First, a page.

New Jersey is in the midst of a historic wave of mental health issues. It is a crisis unlike anything we have ever seen before.
That is one of the stark realities of the COVID-19 pandemic. Loneliness, which under normal circumstances is a major driver of mental health issues, is significantly magnified during this period of uncertainty. Many people are embroiled in fear. Unemployment continues to skyrocket, leading not only to a loss of income but to a profound loss of purpose and identity. The absence of regular routines such as work and school – and even normal social interaction – adds to anxiety and has created a new sense of grief that many are struggling to navigate.
All of these things lead to depression and overwhelming feelings of despair, which are manifesting themselves in a wide range of mental health-related issues. Studies show that deaths of despair are expected to rise drastically as a direct result of the trauma many are experiencing from the pandemic. Reports indicate increases in domestic violence, including not just physical but extreme emotional abuse as well. High unemployment rates often correlate to increases in suicide and substance abuse.
Calls to mental health support helplines are reaching numbers that are previously unimagined. And as professionals in behavioral health and substance use disorders, we know all too well that emotional instability resulting from this crisis is causing poor decision-making, which in turn often results in the overuse of alcohol and drugs to dull these intensified feelings of loneliness, boredom, anger, grief and fear.
Don’t simply take our word for it. According to data just released by the New Jersey Office of the Chief Medical Examiner, we are on pace to have more suspected overdose deaths during the month of May 2020 than in any one month over the past three years.
During the COVID-19 crisis, people’s attention is naturally focused on physical health issues. We get that; we fear for ourselves, our families and our friends just as you do. And yes, we also see and are acutely sensitive to the cascading effect that the shutdown has had on our state’s economy and the financial toll it is taking on people.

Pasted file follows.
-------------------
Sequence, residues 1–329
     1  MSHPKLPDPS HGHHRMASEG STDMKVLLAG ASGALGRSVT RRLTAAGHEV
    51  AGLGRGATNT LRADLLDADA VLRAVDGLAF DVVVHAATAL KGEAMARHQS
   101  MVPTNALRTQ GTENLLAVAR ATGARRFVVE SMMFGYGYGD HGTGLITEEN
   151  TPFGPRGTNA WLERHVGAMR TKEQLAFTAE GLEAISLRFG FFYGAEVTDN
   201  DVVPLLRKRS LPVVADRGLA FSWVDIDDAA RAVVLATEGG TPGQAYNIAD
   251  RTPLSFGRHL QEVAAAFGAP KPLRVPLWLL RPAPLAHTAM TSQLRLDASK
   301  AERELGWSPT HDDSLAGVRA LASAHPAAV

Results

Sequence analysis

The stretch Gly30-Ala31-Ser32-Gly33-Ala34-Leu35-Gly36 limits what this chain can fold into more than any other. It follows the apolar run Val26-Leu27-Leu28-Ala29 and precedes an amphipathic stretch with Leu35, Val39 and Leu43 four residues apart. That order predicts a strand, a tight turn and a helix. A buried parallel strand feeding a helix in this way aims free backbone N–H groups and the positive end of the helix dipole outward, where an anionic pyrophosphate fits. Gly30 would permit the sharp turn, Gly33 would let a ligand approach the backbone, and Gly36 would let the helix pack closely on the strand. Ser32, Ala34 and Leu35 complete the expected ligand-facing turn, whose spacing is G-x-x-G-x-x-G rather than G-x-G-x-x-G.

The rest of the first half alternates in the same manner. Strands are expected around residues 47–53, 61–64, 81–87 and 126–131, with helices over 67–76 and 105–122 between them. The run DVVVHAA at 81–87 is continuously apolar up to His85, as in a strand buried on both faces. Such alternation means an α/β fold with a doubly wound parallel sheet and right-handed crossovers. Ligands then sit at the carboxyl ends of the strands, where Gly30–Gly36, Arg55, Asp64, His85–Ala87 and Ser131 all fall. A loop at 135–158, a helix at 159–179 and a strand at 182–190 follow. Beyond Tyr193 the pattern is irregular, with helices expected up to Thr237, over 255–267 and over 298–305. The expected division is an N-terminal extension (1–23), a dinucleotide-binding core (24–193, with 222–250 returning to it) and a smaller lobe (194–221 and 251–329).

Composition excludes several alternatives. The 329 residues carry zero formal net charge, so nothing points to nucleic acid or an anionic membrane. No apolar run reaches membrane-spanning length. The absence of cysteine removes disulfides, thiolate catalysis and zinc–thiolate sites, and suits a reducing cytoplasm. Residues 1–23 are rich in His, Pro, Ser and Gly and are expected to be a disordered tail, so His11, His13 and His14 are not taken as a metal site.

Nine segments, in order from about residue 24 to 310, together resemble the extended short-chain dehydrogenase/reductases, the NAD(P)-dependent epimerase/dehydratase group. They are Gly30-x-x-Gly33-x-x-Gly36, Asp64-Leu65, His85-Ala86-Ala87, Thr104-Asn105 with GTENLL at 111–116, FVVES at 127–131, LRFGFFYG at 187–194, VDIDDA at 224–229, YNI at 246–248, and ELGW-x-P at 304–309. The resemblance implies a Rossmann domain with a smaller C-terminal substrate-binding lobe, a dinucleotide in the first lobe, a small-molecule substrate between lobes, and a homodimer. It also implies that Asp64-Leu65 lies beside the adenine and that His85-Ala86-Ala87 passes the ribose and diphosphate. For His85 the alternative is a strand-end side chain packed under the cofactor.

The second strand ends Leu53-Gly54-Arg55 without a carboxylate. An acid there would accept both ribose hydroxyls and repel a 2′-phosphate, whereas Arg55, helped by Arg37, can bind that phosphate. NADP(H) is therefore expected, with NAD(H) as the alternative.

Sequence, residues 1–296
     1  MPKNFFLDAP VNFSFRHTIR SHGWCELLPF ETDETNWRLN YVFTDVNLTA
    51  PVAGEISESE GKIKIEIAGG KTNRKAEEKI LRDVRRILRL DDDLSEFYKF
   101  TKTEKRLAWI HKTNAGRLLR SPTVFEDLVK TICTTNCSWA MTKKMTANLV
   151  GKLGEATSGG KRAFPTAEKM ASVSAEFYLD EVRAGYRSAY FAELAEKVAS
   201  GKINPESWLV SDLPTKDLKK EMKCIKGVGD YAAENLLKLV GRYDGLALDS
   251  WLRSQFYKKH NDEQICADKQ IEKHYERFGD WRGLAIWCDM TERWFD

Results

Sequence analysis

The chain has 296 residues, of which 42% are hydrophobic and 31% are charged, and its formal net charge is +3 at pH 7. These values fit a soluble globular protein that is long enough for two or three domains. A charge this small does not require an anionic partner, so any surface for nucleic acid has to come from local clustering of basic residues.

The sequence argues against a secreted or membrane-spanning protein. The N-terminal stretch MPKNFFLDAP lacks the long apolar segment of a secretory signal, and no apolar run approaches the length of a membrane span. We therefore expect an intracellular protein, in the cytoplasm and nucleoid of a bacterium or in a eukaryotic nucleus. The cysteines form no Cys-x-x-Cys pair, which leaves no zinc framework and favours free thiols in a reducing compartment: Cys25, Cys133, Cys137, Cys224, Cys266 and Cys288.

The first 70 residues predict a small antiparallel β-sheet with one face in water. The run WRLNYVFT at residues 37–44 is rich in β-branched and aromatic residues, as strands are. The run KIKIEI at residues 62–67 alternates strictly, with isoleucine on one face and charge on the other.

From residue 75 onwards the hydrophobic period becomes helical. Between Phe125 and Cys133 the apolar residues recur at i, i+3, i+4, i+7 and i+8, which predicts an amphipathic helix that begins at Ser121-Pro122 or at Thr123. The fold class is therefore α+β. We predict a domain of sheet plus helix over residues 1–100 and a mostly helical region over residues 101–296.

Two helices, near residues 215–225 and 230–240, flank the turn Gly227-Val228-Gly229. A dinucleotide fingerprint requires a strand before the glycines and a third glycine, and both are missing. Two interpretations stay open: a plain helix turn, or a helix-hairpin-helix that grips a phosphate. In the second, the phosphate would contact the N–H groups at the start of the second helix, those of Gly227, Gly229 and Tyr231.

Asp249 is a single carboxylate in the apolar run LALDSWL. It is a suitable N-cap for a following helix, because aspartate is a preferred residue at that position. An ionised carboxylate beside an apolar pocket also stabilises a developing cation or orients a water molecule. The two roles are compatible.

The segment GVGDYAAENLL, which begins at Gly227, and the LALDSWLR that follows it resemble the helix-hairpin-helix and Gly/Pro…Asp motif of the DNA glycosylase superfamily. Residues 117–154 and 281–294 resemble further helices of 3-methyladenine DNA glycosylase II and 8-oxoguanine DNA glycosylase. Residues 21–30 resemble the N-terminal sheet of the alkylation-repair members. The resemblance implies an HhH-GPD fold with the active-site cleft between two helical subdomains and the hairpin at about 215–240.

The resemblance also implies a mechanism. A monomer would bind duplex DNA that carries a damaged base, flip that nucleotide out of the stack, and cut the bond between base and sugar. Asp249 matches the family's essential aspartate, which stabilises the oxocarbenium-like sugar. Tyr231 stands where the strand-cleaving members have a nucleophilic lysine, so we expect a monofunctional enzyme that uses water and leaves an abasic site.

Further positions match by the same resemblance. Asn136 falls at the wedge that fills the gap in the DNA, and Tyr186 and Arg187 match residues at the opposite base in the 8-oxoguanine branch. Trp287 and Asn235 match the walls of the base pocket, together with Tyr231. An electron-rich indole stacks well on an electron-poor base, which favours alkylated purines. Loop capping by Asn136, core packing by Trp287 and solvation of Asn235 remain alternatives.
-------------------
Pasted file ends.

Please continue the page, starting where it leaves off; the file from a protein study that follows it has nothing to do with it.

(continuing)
Our point, though, is simply this: Neglecting mental health and addiction issues and allowing them to take a back seat in the state’s funding discussions will only worsen and magnify both the physical and the economic impact of COVID-19. We must not overlook how tightly intertwined mental health and addiction issues are to both physical and economic health. The unambiguous reality is that the general population’s health and the state’s economic recovery are inextricably tied to continued, sustained mental health and addiction funding. To be blunt, the state’s economy will not regain its full strength if we neglect this essential funding aspect.
Governor Murphy’s agenda for managing the spread of COVID-19 must decisively take into consideration the undeniable connection that mental health has with the physical and economic health of the people of New Jersey. We need to not simply sustain the state’s commitment to mental health and addiction services at this time, but we must prioritize strengthening vital programs and services that will be key to the state successfully and positively emerging from this difficult and unprecedented period in the best and advantageous position possible.
United Nations Secretary-General António Guterres fittingly and succinctly summarizes the issue, saying, “Mental health services are an essential part of all government responses to COVID-19. They must be expanded and fully funded.”
It is clear that in the current climate, New Jersey Association of Mental Health and Addiction Agencies (NJAMHAA) member agencies are going to be more important than ever to help the state navigate the COVID-19 crisis, and to emerge physically, economically (and yes) mentally stronger.
We strongly urge Gov. Phil Murphy and his administration to consider New Jersey’s mental health and addiction agencies as essential partners in fighting and defeating the COVID-19 crisis. Adequate state funding is vital to ensuring that those who need help have access to care that will lead to better, more productive lives, as well as preventing additional, unnecessary deaths.
We must not only sustain the state’s mental health and addiction services providers, but we must be ready to meet the growing need associated with this historic mental health crisis.
Robert J. Budsock, MS, LCADC, chairs the Board of Directors of NJAMHAA, Inc. and is president & CEO of Integrity House, one of the largest nonprofit providers of substance use disorder treatment in the state of New Jersey.
Debra L. Wentz, Ph.D., is president and Chief Executive Officer of the New Jersey Association of Mental Health and Addiction Agencies, Inc. (NJAMHAA). NJAMHAA is a statewide trade association representing 144 organizations that serve New Jersey residents with mental illness and/or substance use disorders, and their families.